UC Law alum teaches legal skills to New Orleans students
Gregory Carter (`09) is giving back to his community by teaching legal and trial advocacy skills to high school students in hopes that it will benefit more than just future lawyers and judges
Since its inception, the Allen Ray Bolin Trial Advocacy Workshop has worked to transform the lives of high schoolers in the New Orleans community. And University of Cincinnati College of Law graduate Gregory Carter has played a key role with the organization.
Founded by Judge Arthur L. Hunter Jr., Orleans Parish Criminal Court in summer of 2018, the Allen Ray Bolin Trial Advocacy Workshop brings together defense attorneys, prosecutors, judges, New Orleans police officers, and high school juniors and seniors to for a months-long program introducing them to the legal system and how lawyers impact trial outcomes. The members of the legal community volunteer their skills and legal training to educate these young men and women.
Judge Hunter first pitched the idea to students at the local high schools in the parrish (county). Across the city, they responded, and thus the first workshop kicked off in August 2018.
Teams of 5-10 students from participating high schools practiced with the volunteer attorneys over the course of several months. The students had the opportunity to learn the legal system from practicing civil and criminal law experts before competing against the other teams in a mock trial in December.
Carter notes, “We taught the criminal justice system from arrest to adjudication, criminal law and procedure, and also, developed advocacy skills for their mock trial competition. The interactions were based on a curriculum and fact pattern developed by Judge Hunter which allowed us to go beyond the abstract and really develop personalized advocacy skills over the course of the semester.”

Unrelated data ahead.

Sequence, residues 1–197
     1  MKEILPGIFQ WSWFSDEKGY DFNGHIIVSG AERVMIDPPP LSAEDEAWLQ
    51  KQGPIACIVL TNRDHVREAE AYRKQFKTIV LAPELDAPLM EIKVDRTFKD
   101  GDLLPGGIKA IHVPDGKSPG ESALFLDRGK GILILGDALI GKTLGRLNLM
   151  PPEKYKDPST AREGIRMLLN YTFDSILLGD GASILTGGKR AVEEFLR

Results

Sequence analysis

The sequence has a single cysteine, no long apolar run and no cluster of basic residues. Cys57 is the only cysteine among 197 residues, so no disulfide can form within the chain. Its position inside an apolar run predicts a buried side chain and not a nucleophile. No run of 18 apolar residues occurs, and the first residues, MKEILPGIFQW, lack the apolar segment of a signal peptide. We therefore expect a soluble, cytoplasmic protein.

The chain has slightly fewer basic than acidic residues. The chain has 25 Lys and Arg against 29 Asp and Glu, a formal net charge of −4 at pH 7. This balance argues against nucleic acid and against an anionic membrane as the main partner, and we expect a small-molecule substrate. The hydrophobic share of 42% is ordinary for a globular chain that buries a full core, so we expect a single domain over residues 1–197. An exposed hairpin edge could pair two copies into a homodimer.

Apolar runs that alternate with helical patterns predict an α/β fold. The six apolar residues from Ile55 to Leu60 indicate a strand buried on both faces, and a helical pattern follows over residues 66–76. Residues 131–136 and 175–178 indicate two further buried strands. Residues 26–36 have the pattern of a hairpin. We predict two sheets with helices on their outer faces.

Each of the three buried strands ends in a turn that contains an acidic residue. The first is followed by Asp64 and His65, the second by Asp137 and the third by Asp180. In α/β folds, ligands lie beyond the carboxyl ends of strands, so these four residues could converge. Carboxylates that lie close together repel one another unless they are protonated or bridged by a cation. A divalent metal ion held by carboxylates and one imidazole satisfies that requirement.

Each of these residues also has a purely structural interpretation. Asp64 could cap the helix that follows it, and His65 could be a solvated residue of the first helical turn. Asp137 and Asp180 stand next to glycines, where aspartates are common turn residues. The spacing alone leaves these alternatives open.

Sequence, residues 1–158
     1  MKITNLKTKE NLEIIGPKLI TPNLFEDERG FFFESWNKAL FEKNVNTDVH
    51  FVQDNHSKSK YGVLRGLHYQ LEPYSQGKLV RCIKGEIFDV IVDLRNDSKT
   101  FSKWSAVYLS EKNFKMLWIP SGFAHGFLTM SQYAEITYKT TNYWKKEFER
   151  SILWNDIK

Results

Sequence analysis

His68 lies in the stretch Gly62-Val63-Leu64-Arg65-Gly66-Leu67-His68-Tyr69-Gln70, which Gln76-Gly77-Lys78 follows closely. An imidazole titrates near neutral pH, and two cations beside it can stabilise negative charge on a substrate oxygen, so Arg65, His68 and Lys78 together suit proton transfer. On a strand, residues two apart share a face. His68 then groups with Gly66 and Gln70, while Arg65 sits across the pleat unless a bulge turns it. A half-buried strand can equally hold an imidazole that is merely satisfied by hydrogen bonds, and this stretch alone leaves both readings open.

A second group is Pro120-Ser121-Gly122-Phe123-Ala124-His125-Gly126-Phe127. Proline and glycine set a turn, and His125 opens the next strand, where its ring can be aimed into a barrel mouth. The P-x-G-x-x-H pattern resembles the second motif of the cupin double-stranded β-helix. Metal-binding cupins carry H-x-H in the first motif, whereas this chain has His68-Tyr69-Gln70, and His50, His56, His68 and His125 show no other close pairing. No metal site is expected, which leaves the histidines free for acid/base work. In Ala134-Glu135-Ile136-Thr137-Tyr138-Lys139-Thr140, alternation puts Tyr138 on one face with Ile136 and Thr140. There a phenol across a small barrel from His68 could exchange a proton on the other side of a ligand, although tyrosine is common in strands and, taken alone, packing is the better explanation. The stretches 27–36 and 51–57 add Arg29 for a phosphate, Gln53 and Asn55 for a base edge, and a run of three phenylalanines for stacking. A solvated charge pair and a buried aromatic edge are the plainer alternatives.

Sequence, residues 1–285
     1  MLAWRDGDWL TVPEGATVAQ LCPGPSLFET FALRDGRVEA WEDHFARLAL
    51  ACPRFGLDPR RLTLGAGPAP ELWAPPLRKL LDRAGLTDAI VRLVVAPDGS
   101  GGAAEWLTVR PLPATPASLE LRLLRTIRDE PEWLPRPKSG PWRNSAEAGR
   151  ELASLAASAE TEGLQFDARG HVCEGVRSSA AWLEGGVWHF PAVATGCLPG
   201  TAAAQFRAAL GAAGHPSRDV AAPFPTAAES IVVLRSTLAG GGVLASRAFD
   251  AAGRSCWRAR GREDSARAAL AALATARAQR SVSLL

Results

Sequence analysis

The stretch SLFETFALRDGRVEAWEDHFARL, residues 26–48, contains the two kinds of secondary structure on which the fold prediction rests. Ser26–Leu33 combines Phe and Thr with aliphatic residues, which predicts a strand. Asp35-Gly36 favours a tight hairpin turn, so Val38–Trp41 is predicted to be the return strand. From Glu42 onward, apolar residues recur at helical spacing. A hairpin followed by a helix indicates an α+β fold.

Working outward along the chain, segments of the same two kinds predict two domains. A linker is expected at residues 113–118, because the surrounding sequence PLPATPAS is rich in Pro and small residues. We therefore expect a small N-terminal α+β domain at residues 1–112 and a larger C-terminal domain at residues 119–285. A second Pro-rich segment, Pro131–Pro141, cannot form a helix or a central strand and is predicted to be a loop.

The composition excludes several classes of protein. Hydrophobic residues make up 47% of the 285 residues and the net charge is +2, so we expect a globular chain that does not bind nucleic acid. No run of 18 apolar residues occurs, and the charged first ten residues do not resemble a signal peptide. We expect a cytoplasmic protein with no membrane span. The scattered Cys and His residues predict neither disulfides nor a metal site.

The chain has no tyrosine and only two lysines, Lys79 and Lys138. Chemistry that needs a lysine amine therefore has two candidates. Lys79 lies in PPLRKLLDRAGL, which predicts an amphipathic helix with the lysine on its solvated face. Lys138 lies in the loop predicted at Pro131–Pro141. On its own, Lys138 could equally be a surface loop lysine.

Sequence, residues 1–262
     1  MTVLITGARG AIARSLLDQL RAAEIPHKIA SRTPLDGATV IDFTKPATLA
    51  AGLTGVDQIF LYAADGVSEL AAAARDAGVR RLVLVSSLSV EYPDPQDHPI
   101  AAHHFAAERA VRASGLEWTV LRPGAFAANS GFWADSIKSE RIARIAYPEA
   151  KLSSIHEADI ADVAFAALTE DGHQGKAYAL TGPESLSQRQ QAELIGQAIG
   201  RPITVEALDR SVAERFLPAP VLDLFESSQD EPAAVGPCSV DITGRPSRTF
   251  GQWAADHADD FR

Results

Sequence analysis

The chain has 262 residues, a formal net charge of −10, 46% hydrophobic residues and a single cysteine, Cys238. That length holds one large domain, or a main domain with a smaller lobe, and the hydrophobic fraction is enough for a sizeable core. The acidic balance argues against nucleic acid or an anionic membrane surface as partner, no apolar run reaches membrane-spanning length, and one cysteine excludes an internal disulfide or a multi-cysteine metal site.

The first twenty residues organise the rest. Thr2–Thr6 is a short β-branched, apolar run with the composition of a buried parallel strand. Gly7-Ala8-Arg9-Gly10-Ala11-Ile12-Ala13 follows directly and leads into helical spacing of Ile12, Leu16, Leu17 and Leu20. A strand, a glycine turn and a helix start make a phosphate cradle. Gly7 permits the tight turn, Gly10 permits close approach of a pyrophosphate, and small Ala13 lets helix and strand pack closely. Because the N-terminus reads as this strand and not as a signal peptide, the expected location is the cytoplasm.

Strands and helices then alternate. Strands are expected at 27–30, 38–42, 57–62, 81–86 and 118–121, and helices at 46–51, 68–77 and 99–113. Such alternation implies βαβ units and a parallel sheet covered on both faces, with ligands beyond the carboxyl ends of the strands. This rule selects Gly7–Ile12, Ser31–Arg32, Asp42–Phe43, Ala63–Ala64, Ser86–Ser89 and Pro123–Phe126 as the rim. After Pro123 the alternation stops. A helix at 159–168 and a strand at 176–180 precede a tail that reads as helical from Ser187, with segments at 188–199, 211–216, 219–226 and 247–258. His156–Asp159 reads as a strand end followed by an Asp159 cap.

Students have the opportunity to not only learn about the system, but also practice it first hand. The students worked with their teams to deliver opening statements, cross examinations, and closing arguments: practical skills of future lawyers.
Finding Cincinnati Law
After earning a bachelor’s degree in political science and African-American studies from Wittenberg University, Carter decided to check out Cincinnati Law. He was interested in being a fellow at the Ohio Innocence Project to help exonerate those who have been wrongfully convicted.
After visiting the college, Carter knew his next step would be Cincinnati Law. He credits his involvement with the Ohio Innocence Project, the Black Law Student Association, and his relationships with the law school’s professors for shaping him into the attorney he is today.
Born and raised in Ohio, Carter felt a calling to venture outside of the Buckeye State post-graduation. After applying across the country, he was offered a position to begin his legal career in Louisiana at the Orleans Public Defender’s Office, and he accepted.
One week after Cincinnati Law’s graduation, he packed up and move to Louisiana. Carter began working in private criminal defense in 2011, and in early 2017, he transitioned to working full-time at his own, private law firm practicing criminal defense.
Teaching the System
Although he considers all of his interactions with the students to be positive, Carter’s most memorable experience with the workshop came from one specific student. The student had lost a loved one to violence and she wanted to understand how the legal system works. She wasn’t familiar with jury trials, punishment, or even the role of a judge. It wasn’t her dream to become a lawyer, but she wanted to learn all she could about the system that impacted her so closely.
Carter explains that it’s stories like this that demonstrate how the workshop is giving back to the community. “The workshop,” Carter says, “isn’t just a feeding program for law schools, it’s educating our society on the legal system.” More than anything he feels that after all of the support from his mentors at Cincinnati Law, he’s able to spread his knowledge for the benefit of the community, and make a lasting impact on the next generation.